Carter family
The Carter family gathered for a photo from 2019. In front from left: Sophia, Johnson holding David, Anna, and Corinne. In the back are Marine Chief Warrant Officer 4 Joshua Carter and his wife Amber. (Photo Credit: Courtesy photo) VIEW ORIGINAL

FORT SILL, Oklahoma (March 4, 2021) -- Anna Carter, 13, knew she wanted to be an entertainer.

“She loved to dance, and she was always putting on little performances at the house,” said her father, Marine Chief Warrant Officer 4 Joshua Carter. “She was very outgoing and wanted to make people smile.”

When Anna wasn’t feeling well after attending a dance class on a Tuesday, Joshua thought it was a childhood illness. She had nausea, but no fever, and said she was feeling tired.

She got a little worse Wednesday, but said she was feeling better on Thursday.

By Friday, July 10, 2020, when she was too weak to walk, her father knew something was seriously wrong. Her mother Amber took her to the Comanche County Memorial Hospital emergency room while Joshua stayed at home with their other four children.

In the ER, Anna’s pulse got progressively weaker, and her heart stopped beating. She could not be revived.

Within three hours of admittance Anna had died, said Joshua. Tests later revealed that Anna, an eighth-grader at Cache Public Schools, had died from COVID-19.

Chief Carter, Fort Sill Marine Artillery Detachment assistant operations officer, shared his story with staff at the 434th Field Artillery Brigade a couple of weeks ago.

His message was to get the COVID vaccination and to follow the pandemic protective measures.

Even if a service member doesn’t contract COVID they can still be taken out of the fight if one of their family members gets it because that will influence their ability to perform their job, Joshua said. “Don’t be so prideful that you think you’re tougher than this disease.”

Amber added: “We miss everything about Anna and hope that telling our story helps prevent this from happening to anyone else’s child or loved one. Sometimes the typical signs are not signs at all. If they feel something is not right in the least — go get tested.”

Anna had not displayed any of the known COVID symptoms.

The Carter family was subsequently tested for COVID and they were all positive, Joshua said. And, contact tracing could not determine how any of them had contracted the disease.

Summer 2020

The Carters were living in Buffalo Soldiers Acres housing here at the time, and they were following all the COVID guidelines set forth in the Commanding General’s Order No. 1.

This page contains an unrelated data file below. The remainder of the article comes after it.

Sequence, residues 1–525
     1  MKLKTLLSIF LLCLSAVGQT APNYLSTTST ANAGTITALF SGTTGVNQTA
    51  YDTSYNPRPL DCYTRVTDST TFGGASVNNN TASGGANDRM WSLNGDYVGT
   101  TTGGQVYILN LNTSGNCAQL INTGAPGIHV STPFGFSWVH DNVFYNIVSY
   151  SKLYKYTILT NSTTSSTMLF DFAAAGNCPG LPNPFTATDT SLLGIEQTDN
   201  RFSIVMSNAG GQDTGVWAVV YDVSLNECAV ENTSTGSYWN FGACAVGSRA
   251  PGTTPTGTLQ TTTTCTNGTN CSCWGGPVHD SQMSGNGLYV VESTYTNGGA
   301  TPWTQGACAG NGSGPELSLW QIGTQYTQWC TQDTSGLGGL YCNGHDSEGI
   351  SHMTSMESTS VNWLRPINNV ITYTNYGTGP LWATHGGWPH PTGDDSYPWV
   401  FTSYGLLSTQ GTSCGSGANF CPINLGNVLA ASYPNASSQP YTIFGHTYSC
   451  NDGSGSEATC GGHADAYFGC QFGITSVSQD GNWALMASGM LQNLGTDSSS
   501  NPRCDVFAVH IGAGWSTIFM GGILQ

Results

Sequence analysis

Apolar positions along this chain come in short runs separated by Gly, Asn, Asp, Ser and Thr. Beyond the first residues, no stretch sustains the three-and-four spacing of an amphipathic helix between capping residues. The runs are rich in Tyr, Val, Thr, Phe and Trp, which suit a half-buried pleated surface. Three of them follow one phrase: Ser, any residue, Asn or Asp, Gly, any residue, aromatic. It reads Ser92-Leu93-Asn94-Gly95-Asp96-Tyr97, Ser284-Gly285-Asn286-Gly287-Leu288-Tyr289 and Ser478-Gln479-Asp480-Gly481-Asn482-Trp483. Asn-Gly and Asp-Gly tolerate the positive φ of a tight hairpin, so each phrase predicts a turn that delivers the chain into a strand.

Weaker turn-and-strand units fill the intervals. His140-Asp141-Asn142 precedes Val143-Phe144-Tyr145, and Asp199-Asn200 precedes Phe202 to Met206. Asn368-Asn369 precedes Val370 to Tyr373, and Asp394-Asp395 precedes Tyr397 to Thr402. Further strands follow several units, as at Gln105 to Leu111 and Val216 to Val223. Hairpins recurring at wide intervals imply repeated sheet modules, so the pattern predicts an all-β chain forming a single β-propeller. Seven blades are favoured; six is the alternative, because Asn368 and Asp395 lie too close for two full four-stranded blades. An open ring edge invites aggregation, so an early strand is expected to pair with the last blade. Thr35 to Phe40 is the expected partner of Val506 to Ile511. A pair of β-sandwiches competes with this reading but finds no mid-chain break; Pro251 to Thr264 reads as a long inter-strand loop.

They were also following the restrictions set in place by the city of Lawton.

They wore face masks, practiced physically distancing, and used hand sanitizer, Carter said. “We did everything right beginning in March, we followed it to a ‘T,’ yet ultimately every one   of us contracted it.”

Anna had been diagnosed with scleroderma, an autoimmune disease, at the age of 10, said Amber.

She was taking hydroxychloroquine daily for at least a year and a half before COVID, she said. It was the drug that then-President Trump had touted as a miracle drug against COVID.

Joshua and Amber said their faith, and military support helped them deal with Anna’s death.

“Our local priest at Blessed Sacrament, and Fort Sill’s permanent Catholic deacon, retired Lt. Col. Robert Quinette, were at the hospital with us when she passed,” said Amber. “Chaplain (Capt.) Benjamin Letran, 3rd Battalion, 6th Air Defense Artillery, was a large supporter of our family’s grieving process, and held a memorial Mass in Anna’s honor at Grierson Hill

Chapel. Our military Catholic community, as well as our local parish have been an amazing support beam.”

Anna’s death is still a daily struggle for the family, Joshua said.

“The joy of life is still here. As a family we still laugh, but we cry more than we did in the past,” he said.

Joshua said he recently told his mother that: “Life for us will never be the same good, but it will be good all the same.”

“Anna was an amazing kid,” said Amber, “one that any parent would’ve been lucky to call their own. But as luck would have it, she was ours and our lives were made exponentially better because she was in it.”

Anna is buried at the Fort Sill National Cemetery in Elgin. “My wife and I have our plots set aside next to her,” Joshua said.

Her death changed Joshua’s plans with the Marine Corps. He was on permanent change of station permissive orders and was scheduled to leave here July 15, for a one-year unaccompanied tour in Okinawa with the 12th Marine Regiment. After that Joshua and his family would have been transferred to Camp LeJeune, North Carolina, he said. And, after retiring from the Marine Corps, the family was looking to move to Martinsburg, West Virginia.

Instead they will stay in Lawton after Joshua retires from the MARDET next summer to be near Anna.